Mistakes Magnified as Nats Drop 10th Straight

By Zach Berman
Washington Post Staff Writer
Monday, August 18, 2008

Twenty games in 20 days -- a stretch that included six series in three time zones -- finally ended yesterday for the Washington Nationals. It closed with a 7-2 loss to the Colorado Rockies at Nationals Park, the same result as the nine games prior, which makes the current 10-game losing streak the longest of the season.

The only thing the Nationals have beaten in the last 10 days, then, is themselves. In this case, it was topping nine-game losing streaks the team suffered two other times this season. It was being swept in yet another series this season, including six of the past eight.

If the numbers become overbearing, the Nationals have done little to prevent them. The manager and the players all insist the effort is there. Production and health are not.

"Obviously, it's not easy," Manager Manny Acta said. "Guys want to catch the ball, want to hit the ball and they want to throw strikes. They're just not doing it right now."

Losing became a team-wide effort, a confluence of poor luck and poor play. Starting pitcher Odalis Pérez, who allowed just four hits in six innings, watched shortstop Pete Orr make an error on a grounder in the fourth inning. Pérez walked the next batter and one pitch to Ian Stewart resulted in a three-run home run and the lone scoring blemish on Pérez's afternoon.

The bottom of the fifth inning revealed those same struggles -- some self-induced and some simply unfortunate -- that hurt the Nationals during the back half of the 20-game stretch.

The Nationals trailed by two with runners on first and second when Lastings Milledge ripped a liner to left-center field that bounced over the fence. The ground-rule double prevented Willie Harris from scoring from first base, which he likely would have done. The Nationals scored just one run on Milledge's hit, when the two runs would have tied the game and likely changed the way they played the final four innings.

Acta turned to pitching coach Randy St. Claire right after the ball bounced over the fence, immediately aware of the negative implications.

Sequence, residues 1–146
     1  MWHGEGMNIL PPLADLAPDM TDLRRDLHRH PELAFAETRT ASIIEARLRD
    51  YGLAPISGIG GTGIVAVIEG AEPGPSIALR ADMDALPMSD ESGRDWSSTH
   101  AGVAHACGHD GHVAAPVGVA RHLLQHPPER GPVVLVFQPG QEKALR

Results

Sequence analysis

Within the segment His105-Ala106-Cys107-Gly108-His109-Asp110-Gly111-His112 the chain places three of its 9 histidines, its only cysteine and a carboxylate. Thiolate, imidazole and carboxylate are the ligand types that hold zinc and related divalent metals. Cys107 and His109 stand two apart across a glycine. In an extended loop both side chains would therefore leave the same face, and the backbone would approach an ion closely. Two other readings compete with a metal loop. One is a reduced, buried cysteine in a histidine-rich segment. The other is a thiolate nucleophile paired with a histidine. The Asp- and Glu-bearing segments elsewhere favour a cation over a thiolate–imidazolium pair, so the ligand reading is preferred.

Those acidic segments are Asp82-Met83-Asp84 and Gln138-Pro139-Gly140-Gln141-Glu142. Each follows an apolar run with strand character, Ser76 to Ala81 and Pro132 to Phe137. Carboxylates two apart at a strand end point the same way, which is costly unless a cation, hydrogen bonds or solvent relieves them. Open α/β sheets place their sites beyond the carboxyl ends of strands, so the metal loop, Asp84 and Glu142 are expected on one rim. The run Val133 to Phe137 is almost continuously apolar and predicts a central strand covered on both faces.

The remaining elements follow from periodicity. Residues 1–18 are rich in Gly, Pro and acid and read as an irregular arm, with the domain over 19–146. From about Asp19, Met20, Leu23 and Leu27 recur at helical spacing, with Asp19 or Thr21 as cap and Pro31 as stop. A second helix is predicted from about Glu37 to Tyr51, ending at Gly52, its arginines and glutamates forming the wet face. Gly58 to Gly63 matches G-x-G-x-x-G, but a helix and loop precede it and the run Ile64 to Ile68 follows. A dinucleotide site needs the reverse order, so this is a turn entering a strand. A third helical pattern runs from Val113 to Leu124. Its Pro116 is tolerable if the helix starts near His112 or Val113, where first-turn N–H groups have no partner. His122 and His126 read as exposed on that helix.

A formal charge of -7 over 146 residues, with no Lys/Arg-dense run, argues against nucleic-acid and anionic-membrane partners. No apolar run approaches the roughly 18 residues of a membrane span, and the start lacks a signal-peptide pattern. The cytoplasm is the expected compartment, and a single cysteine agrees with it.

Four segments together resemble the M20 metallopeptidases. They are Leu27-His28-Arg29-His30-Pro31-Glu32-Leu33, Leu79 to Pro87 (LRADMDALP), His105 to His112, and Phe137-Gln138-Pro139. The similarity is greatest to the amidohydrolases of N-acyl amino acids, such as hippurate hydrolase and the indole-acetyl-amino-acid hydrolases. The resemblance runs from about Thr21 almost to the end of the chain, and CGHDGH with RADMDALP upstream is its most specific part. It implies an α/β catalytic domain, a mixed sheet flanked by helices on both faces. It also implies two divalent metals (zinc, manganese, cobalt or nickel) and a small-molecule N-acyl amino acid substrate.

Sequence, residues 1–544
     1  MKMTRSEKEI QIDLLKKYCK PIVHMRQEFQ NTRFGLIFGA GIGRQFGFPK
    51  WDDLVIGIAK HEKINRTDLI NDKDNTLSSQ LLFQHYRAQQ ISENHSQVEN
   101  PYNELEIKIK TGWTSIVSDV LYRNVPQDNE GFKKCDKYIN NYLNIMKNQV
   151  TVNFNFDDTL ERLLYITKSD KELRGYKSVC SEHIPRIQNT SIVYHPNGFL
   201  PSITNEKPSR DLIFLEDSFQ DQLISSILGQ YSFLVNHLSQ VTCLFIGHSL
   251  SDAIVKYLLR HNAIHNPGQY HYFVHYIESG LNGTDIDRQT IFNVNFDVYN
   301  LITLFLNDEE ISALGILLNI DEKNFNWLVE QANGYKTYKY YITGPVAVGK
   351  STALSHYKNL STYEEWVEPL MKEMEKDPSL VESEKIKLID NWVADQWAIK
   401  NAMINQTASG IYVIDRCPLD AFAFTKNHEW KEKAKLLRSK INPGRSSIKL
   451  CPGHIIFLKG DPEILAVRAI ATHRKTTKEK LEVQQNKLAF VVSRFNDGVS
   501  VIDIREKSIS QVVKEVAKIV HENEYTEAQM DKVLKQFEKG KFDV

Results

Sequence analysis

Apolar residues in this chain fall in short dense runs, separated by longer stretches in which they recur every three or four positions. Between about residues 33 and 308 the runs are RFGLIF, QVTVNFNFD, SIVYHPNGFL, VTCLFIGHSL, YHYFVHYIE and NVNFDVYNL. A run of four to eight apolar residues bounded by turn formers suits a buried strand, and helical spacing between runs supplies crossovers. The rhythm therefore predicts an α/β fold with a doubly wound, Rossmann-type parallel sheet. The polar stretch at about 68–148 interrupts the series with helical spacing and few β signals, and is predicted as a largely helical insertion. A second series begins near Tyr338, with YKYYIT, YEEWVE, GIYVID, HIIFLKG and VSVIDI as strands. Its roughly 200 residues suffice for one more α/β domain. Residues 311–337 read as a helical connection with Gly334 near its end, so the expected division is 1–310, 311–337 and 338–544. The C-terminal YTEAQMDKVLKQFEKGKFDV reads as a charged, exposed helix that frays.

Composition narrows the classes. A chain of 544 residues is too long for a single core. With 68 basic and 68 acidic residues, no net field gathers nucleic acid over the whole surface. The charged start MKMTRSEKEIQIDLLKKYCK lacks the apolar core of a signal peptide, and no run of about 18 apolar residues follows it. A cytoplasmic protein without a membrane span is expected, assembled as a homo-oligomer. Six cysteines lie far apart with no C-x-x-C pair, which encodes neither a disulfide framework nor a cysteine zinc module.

"When you're going bad, things like that happen," Acta said. "In a streak like this, you expect a ball like that to go over the wall because everything is going wrong."

After Aaron Boone struck out, Ronnie Belliard drew a walk. Even though Milledge's double did not score two runs, the Nationals still had the bases loaded. This is often an opportunity that distinguishes good teams from bad. Bases loaded, two outs and down by one run, a big hit assuredly alters the game.

Then you remember it is the Nationals, a team batting .188 with runners in scoring position during the 10-game losing streak. Timely hitting is seldom among the characteristics of a team 37 games below .500.

Ryan Langerhans popped out to right field on an inside fastball, a pitch he expected but the ball beat him "by a hair."

"When we're in a little stretch like this, everybody's trying to give it their all, and you're, like, 'I've got to do it' instead of almost like, 'I'm gonna do it,' " Langerhans said. "You just get up there and you want to get it done so bad sometimes it ends up working against you."

Nonetheless, a one-run deficit is not insurmountable. The problem arises when the Nationals' bullpen extends the deficit, as it has become prone to doing during the losing streak. That happened in the eighth inning, when it allowed four runs -- a solo home run by Brad Hawpe off Charlie Manning and a three-run, pinch-hit home run by Seth Smith off Jesús Colome.

Yesterday marked the seventh game during the losing streak in which Nationals relievers allowed more than two runs. This happened just once during the first 10 games of the 20-game stretch. The Nationals won six of those games.

The eighth inning extended the Rockies' lead from 3-2 to 7-2. Cutting into a one-run lead and five-run lead are drastically different. Fans knew it, too, with a stampede toward the Navy Yard Metro station even on a sunny Sunday afternoon.

"It's not fun," Pérez said. "It hasn't been fun, this 10-game losing streak."

Although this season has long been lost, Acta said that he can learn much the rest of the way that will help him next year.

"You can't flip-flop the whole team with another 25 guys," Acta said. "All they can do is give me the effort. This is what we have, this is what we're going to finish the season with and hopefully you can get better. This is a time where now you can see who can grind it out, who's going to be a guy who can stick with it and who's going to be a guy who's going to be with us for the future."

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